Casa della Dea: This Italian blog’s August 9 post, “Katinka Soetens è una Sacerdotessa di Avalon e di Rhiannon, Dea dell'Amore. Madre di tre figli, originaria dei Paesi Bassi, vive a Glastonbury/Avalon,” announces a two-year course with 10 meetings, beginning in December 2015 and running through November 2017, to be given by Katina Soetens, priestess of Avalon and Rhiannon.

The Goddess House: Beginning August 1, Frances Billinghurst (the Australian blogger formerly known as As’t Moon?) has been posting a series about the similarity of a serious health situation in her life to the descent of Inanna to the Underworld through seven gates. As of my last visit on August 24 there were four posts, the last on August 8 titled “Before the Third Gate.”
 
The Motherhouse of the Goddess:  Priestess and founder of The Motherhouse of the Goddess Kimberly Moore writes about “Celebrating the Goddess Hecate as Protector from Storms,” in her August 13 post that includes the history of this association.
 
Hearth Moon Rising’s blog: Blogger Hearth Moon’s July 31 post, “What’s in a Name Part Part II (Witch),” discusses the meanings and derivations of the words “witch” and “wicca.” Second in a three-part series.
 
Annelinde’s World: Annelinde Metzner’s August 16 post, “New to the World,” is a poem welcoming her great-niece. With pics.

 The Wild Hunt: Cara Shulz’s August 18 post, “Kermetic Wiccan Builds Temple Dedicated to the Goddess Hathor,” is an interview with the builder of the temple in Wisconsin, which is nearing completion after 10 years.
 
Katrina’s Joy: Katrina Messenger’s August 9 post, “Celebrate Wildness:Feraferian Beauty & Depth,” is a review of a book by Jo Carson about the Pagan tradition of Feraferia. In her review, Katrina writes:
“I am especially in awe of the raising of the Maiden as the cure to our collective patriarchal madness. Kore becomes more than a fair maiden who becomes swept away; she becomes the empowering life principle within us all to counter the toxic influences of our Western culture.”

Works of Literata: On August 18, blogger Literata also posted a review of “Celebrate Wildness.” In it she writes:
“My biggest discomfort about the book is that something about the approach feels slightly off to me in a feminist sense. It’s very hard to put my finger on, but the whole attitude seems like it honors the goddess as the divine feminine other, perpetuating the idea that masculinity is normal and the feminine is other. . . .”

Large Goddess/Spiritual Feminist Blogs

Because of the large number and variety of bloggers and posts on these blogs, we are now suggesting that you visit them and select the posts that interest you most.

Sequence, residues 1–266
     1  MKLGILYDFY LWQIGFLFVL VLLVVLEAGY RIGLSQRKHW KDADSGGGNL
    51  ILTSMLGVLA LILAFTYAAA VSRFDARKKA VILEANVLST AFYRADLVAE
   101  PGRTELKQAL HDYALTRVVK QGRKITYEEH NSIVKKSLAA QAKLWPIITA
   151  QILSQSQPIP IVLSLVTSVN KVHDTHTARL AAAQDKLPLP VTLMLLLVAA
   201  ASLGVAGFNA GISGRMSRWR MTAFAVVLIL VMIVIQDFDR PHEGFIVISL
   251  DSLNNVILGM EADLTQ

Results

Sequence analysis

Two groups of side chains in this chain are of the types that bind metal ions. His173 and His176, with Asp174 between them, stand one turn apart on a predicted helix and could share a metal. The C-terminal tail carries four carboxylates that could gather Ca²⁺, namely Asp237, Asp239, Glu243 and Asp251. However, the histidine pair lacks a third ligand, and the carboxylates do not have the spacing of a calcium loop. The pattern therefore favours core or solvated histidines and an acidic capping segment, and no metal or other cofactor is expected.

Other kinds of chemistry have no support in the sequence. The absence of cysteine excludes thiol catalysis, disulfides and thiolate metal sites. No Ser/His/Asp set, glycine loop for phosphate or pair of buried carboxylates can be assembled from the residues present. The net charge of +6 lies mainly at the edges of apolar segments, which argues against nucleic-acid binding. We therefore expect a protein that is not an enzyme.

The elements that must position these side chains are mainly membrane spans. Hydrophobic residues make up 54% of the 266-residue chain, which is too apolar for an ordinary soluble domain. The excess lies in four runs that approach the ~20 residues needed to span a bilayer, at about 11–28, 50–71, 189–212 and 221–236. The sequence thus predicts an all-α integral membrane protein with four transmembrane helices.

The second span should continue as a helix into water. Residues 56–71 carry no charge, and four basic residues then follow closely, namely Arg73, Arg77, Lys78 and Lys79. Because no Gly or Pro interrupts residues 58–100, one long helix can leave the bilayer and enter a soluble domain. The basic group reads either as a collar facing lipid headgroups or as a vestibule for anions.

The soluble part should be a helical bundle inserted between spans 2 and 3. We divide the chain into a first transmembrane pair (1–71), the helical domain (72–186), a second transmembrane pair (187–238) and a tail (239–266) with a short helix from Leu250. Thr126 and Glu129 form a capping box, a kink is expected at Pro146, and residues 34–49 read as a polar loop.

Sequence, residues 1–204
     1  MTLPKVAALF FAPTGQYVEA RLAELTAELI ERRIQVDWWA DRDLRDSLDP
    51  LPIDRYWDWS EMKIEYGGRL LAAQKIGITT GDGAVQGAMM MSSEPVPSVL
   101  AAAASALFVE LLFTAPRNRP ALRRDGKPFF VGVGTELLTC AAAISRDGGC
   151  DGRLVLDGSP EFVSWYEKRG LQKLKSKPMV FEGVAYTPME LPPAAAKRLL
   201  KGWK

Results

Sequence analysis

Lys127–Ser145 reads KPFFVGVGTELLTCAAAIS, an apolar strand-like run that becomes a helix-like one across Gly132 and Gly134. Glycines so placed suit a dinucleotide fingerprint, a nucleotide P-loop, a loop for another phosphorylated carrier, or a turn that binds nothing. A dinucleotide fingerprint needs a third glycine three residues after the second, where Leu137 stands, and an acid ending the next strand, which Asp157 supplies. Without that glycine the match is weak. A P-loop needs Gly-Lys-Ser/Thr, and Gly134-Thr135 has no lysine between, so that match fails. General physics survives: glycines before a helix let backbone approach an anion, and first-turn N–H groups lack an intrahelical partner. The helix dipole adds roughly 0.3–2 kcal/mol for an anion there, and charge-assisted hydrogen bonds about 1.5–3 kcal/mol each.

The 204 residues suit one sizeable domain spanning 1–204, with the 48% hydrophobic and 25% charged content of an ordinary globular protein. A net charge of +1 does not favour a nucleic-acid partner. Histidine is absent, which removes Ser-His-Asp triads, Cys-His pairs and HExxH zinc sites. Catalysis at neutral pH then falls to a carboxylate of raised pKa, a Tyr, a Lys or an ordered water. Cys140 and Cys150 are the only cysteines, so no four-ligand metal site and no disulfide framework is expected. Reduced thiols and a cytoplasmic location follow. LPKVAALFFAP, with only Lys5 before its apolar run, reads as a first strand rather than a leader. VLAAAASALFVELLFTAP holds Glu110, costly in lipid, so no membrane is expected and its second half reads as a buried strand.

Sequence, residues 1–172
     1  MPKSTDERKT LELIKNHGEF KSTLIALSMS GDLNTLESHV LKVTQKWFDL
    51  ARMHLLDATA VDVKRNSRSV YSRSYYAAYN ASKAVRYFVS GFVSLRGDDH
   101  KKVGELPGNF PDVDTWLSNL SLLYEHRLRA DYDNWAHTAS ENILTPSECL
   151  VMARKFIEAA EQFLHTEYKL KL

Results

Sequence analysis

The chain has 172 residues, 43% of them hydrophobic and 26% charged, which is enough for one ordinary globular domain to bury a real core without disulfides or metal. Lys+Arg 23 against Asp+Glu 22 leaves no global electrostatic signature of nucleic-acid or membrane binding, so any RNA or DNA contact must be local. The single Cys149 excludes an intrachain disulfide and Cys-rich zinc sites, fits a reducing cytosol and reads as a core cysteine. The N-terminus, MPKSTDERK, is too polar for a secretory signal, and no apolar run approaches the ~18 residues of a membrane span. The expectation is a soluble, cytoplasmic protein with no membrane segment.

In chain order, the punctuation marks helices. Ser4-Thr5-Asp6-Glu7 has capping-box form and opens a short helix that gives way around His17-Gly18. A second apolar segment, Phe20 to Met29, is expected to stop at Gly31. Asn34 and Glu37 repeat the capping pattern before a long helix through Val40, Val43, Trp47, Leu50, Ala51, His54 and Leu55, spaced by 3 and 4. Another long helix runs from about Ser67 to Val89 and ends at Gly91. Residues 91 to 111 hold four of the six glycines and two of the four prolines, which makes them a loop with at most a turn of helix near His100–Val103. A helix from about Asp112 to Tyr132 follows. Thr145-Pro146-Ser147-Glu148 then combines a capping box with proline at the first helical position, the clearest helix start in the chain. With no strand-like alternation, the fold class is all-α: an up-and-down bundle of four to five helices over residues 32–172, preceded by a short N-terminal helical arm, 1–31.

Feminism and Religion: Many bloggers from many different religions and paths

Pagan Square: This blog of many mostly-Pagan paths is sponsored by BBI Media and includes SageWoman blog posts.
Return to Mago: A Goddess-centered blog whose administrator/owner is Helen Hye-Sook Hwang.



Friday, August 21, 2015

Blogroll Policy

Going through my blogroll as I prepare the August Buzz Coil, I removed seven blogs from the listing, not because I don’t like them, but because there have been no posts on them for more than a year. Medusa Coils has a long-standing policy of removing blogs from the blogroll that not have not had posts in more than a year. Sometimes these blogs start up again. If you have a blog that used to be active and was listed in our blogroll but has not had a post in more than a year and you start blogging again, please let us know (preferably when you have posted anew at least twice) so we can put you back on the blogroll. Also, while I’m on this subject, if you have a blog whose focus is Goddess spirituality/religion and/or feminist spirituality and if you are posting original material regularly and are not now listed on our blogroll, let us know. You can let us know about either of these instances by leaving a comment on this post.

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Sunday, July 26, 2015

Buzz Coil: July 2015

Some recent posts from blogs on our blogroll (please note, we don't knowingly list posts in Buzz Coil that have been published previously elsewhere or on the same blog):

Mythkenner’s Myths: In her first post on her new blog, on July 17 after a pilgrimage to the Psychro Cave in Crete, Carolyn writes about Diktynna, Goddess of Hunting Nets, Sister of Britomartis and Aphaea.”

 Glenys's Blog: Australian Glenys Livingstone writes about the relationship of the winter holiday of Imbolc and the summer holiday of Lammas in her July 9 post, “Imbolc/Lammas August 2015.”

 HecateDemeter: Blogger Hecate’s July 22 post, "The Feast of St. Mary of Elegance Blogging,” includes a pic, two videos of songs for Mary Magdalene, and a poem. Hecate also tells why the word “elegance” is included in the title of her post.

Hearth Moon Rising’s blog: Blogger Hearth Moon’s July 17 post, “What’s in a Name Part Part I (Pagan),” discusses the history of the term “pagan.” The next two parts will discuss the words “witch” and “heathen.”

A Crone Speaks Out: “Be Thou the One and Renew the Light,” by Rev. Cathryn Platine of the Maetreum of Cybele on July 8, brings together several topics from her previous blogs about what she feels are problem with current Paganism.

 Annelinde's World: Annelinde Metzner’s July 25 post, “Yemaya Knocks Me Down,” is a poem about that Yoruba Orisha and information about her. With pic.